Onyango's refusal to leave the country would represent an administrative, noncriminal violation of immigration law, meaning such cases are handled outside the criminal court system. Estimates vary, but many experts believe there are more than 10 million such immigrants in the U.S.
The AP could not immediately reach Onyango for comment. When a reporter went to her home Friday night, no one answered the door. A neighbor said she was often not home on weekends. Onyango did not immediately return telephone and written messages left at her home.
Onyango was instructed to leave the country by a U.S. immigration judge who denied her asylum request, a person familiar with the matter told the AP. This person spoke on condition of anonymity because no one was authorized to discuss Onyango's case.
It was unclear why her request was rejected in 2004. A spokeswoman for U.S. Immigration and Customs Enforcement, Kelly Nantel, said the government does not comment on an individual's citizenship status or immigration case.
Information about the deportation case was disclosed and confirmed by two separate sources, one a federal law enforcement official. The information they made available is known to officials in the federal government, but the AP could not establish whether anyone at a political level in the Bush administration or in the McCain campaign had been involved in its release.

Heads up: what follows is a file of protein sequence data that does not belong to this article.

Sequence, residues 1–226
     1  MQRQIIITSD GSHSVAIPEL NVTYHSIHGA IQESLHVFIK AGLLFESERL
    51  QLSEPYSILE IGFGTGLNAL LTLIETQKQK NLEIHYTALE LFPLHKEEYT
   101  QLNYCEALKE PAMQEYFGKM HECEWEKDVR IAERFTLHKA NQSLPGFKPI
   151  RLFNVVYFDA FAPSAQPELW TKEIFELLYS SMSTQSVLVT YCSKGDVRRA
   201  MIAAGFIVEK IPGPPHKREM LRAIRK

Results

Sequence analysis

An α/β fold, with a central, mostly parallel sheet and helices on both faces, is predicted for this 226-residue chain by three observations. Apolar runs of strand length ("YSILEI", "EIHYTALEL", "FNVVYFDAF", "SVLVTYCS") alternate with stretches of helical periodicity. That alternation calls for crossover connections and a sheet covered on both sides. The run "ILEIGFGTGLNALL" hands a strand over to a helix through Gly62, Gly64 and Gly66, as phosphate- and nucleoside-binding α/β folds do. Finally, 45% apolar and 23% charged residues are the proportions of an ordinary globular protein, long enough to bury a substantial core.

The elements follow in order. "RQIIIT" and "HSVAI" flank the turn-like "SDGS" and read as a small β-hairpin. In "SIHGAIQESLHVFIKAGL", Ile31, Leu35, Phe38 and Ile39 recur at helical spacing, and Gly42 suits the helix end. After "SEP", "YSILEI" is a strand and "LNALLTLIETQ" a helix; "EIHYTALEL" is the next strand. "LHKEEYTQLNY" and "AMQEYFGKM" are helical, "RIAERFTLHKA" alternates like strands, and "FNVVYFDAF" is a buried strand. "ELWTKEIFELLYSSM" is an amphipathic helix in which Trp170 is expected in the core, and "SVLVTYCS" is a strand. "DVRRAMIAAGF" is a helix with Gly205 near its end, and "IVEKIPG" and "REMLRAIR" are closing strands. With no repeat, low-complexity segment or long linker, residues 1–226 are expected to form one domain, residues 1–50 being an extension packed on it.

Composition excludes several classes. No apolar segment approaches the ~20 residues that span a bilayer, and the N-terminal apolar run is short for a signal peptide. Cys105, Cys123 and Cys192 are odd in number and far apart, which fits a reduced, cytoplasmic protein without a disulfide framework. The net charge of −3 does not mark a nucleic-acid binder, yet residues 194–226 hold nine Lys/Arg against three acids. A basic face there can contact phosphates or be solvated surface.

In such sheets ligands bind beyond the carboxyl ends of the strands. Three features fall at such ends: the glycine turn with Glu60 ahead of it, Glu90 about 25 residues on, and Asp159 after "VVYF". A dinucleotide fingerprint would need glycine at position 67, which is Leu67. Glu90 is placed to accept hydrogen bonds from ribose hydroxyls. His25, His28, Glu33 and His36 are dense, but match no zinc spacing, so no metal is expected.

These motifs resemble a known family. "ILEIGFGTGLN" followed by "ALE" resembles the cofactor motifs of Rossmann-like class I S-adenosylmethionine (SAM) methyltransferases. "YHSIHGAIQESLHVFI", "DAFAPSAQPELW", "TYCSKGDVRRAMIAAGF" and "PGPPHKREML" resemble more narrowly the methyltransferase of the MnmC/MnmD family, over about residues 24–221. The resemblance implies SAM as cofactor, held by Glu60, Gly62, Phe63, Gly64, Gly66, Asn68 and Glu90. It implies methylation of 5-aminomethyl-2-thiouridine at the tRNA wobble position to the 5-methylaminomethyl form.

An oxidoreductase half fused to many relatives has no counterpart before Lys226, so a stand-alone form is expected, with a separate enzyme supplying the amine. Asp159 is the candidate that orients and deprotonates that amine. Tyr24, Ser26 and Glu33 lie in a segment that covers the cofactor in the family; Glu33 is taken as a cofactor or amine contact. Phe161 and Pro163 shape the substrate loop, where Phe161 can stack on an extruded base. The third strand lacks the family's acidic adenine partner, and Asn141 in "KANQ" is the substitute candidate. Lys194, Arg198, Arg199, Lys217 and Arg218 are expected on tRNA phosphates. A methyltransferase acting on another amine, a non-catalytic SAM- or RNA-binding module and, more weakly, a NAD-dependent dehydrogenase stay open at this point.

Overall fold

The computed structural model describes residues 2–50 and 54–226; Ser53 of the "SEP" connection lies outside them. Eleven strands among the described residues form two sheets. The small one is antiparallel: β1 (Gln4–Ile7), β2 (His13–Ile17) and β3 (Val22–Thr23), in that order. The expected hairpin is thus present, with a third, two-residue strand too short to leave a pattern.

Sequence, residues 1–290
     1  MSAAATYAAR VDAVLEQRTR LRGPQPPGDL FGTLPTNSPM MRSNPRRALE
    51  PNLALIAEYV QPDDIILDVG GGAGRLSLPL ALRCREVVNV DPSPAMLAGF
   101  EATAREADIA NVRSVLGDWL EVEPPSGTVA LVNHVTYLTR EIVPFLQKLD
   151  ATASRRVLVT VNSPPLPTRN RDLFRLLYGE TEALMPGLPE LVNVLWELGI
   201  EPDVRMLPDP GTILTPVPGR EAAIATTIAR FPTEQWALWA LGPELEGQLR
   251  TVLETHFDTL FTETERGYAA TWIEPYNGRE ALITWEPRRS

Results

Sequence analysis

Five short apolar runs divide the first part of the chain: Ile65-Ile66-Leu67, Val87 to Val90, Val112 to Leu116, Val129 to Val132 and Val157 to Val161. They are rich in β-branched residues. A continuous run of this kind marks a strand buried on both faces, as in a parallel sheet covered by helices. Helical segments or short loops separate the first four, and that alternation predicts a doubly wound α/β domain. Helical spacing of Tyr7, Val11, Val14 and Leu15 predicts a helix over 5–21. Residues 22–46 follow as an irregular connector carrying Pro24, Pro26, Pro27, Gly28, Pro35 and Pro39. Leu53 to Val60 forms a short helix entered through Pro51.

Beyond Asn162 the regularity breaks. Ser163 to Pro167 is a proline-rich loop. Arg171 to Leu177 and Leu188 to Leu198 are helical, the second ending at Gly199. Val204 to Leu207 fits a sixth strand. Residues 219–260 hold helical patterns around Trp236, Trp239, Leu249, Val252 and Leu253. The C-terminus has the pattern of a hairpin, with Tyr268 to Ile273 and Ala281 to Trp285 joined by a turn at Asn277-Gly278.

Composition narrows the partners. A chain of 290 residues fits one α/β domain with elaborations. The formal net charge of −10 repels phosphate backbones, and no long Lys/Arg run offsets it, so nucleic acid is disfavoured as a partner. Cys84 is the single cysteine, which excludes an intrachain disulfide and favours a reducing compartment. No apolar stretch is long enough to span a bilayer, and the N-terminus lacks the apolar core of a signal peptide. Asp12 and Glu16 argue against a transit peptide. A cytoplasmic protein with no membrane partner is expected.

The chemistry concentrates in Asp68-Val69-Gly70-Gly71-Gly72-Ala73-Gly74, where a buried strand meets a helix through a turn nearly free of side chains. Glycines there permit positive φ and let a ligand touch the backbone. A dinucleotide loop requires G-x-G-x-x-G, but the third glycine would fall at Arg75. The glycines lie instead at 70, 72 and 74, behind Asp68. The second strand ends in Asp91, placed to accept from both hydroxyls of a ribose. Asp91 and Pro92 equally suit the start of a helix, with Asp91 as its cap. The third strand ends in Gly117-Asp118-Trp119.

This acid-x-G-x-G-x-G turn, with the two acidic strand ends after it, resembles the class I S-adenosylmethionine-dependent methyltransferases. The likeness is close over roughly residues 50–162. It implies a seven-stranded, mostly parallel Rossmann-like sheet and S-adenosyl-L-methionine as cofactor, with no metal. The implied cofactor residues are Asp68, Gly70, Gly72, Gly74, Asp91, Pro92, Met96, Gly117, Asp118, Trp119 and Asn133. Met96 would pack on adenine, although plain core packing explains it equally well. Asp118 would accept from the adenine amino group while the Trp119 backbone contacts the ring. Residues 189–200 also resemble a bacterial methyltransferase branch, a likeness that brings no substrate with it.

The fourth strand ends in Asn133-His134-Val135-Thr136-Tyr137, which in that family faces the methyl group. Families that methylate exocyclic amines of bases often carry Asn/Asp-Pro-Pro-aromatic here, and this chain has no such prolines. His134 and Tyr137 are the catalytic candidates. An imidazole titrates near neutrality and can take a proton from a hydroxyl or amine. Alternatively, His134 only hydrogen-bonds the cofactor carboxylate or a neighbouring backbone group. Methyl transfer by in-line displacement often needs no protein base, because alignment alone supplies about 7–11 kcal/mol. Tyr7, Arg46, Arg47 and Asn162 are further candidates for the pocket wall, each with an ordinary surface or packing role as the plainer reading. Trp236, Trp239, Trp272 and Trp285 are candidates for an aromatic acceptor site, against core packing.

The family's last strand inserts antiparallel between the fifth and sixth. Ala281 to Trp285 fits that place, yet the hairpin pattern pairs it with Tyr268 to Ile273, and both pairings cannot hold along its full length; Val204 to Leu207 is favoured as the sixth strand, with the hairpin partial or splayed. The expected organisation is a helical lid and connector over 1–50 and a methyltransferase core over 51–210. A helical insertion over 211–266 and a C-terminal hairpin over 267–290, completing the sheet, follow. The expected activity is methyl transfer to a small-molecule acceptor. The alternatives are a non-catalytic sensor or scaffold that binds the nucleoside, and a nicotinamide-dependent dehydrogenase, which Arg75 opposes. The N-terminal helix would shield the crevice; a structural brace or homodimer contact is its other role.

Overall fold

Onyango's case--coming to light just days before the presidential election--led to an unusual nationwide directive within Immigrations and Customs Enforcement requiring that any deportations before Tuesday's election be approved at least at the level of the agency's regional directors, the U.S. law enforcement official told the AP.
The directive suggests that the administration is sensitive to the political implications of Onyango's case coming to light so close to the election.
The East African nation has been fractured by violence in recent years, including a period of two months of bloodshed after December 2007 that killed 1,500 people.
In Boston, Lydia Agro, communications director for the Housing Authority, said Onyango had been screened and approved for public housing as an "eligible non-citizen" when she moved in in 2003. She said the authority is not notified of deportation orders and did not know Onyango was related to Obama until two days ago.
Agro said the authority doesn't believe it needs to take any action to remove Onyango from public housing despite the order.
She said that although Onyango entered the system under federal guidelines in a federal development, she now lives in a state-funded development. State law forbids the authority from even asking Onyango about her immigration status. That means the federal deportation order has no bearing on Onyango's eligibility for the state-funded project where she lives, Agro said.
"We're not convinced that the deportation decision will affect her housing at all right now," she said.
"She's been a very good resident," she added.
Associated Press writers Eileen Sullivan in Washington, Elliot Spagat in New York, Kathleen Hennessey in Henderson, Nev., and Rodrique Ngowi and Jay Lindsay in Boston contributed to this report.